ring  Ring around the Moon 2/27/02
Ring around the Moon 2/27/02
DSC 1645  Moon and Jupiter
Moon and Jupiter
moon moonvens  Moon and Venus
Moon and Venus
newmoon  24-hour-old new Moon
24-hour-old new Moon
lunecl1  Total Lunar eclipse and Saturn
Total Lunar eclipse and Saturn
DSCF1650  Total lunar eclipse 10/27/04
Total lunar eclipse 10/27/04
DSCF2997  Moon and Venus 5/19/07
Moon and Venus 5/19/07
DSC 1248  Moonrise Milpitas
Moonrise Milpitas
SuperMoonEclipse 4113  Supermoon eclipse 9/28/15
Supermoon eclipse 9/28/15
SuperMoonEclipseHDR  Supermoon eclipse HDR 9/28/15
Supermoon eclipse HDR 9/28/15
Fireworks6  Fireworks and the Moon
Fireworks and the Moon
earthmoon  How We Get a Full Moon A non-scientist friend recently called me up with a question: how can we ever have a full Moon? If the Moon is on the opposite side of the Earth from the Sun, wouldn't at least PART of the Earth's shadow fall on the Moon? Well, I KNEW the answer to that question was that the Moon's orbit around the Earth is tilted by about 5.8 degrees. However, the more I thought about it, the less satisfying that answer seemed. I mean, 5.8 degrees really isn't THAT much, is it? So, it finally hit me that I should try and draw a diagram to scale of the Earth-Moon system. When I did, the result startled even me. It REALLY drove home the importance of scientific visualization. What I saw in an instant was that, at the distances involved, 5.8 degrees of tilt is WAY more than enough to take the Moon far, far out of the Earth's shadow for the majority of its orbit.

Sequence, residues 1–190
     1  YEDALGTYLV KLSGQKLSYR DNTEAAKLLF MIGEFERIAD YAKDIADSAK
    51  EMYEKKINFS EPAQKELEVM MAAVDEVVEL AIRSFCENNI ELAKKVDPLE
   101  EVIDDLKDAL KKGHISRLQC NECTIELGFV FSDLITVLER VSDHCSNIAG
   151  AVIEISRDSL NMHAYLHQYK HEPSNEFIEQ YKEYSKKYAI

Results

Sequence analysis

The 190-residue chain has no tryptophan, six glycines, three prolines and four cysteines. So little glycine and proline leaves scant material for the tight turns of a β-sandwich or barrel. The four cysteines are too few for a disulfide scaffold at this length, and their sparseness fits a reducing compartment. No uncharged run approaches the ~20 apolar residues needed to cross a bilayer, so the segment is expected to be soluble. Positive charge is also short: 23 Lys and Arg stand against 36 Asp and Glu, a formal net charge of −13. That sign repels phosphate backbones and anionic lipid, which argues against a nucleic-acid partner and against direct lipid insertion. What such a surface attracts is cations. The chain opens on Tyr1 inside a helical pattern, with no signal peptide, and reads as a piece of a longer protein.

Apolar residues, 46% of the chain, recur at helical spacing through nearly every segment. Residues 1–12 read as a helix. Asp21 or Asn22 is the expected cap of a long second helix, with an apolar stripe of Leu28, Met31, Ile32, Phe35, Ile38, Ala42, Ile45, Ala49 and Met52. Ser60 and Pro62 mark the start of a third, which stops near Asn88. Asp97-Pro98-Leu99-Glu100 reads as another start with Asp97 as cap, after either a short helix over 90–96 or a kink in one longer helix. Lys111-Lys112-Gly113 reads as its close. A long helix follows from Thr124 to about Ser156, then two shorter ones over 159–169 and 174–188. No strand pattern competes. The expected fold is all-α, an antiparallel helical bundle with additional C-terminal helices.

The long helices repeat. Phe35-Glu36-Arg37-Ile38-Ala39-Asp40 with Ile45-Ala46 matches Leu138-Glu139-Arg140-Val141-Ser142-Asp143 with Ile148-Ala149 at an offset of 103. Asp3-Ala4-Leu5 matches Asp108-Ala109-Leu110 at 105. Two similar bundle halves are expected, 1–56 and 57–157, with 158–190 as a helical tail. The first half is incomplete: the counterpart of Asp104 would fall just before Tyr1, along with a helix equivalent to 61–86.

How We Get a Full Moon

A non-scientist friend recently called me up with a question: how can we ever have a full Moon? If the Moon is on the opposite side of the Earth from the Sun, wouldn't at least PART of the Earth's shadow fall on the Moon?

Well, I KNEW the answer to that question was that the Moon's orbit around the Earth is tilted by about 5.8 degrees. However, the more I thought about it, the less satisfying that answer seemed. I mean, 5.8 degrees really isn't THAT much, is it?

So, it finally hit me that I should try and draw a diagram to scale of the Earth-Moon system. When I did, the result startled even me. It REALLY drove home the importance of scientific visualization. What I saw in an instant was that, at the distances involved, 5.8 degrees of tilt is WAY more than enough to take the Moon far, far out of the Earth's shadow for the majority of its orbit.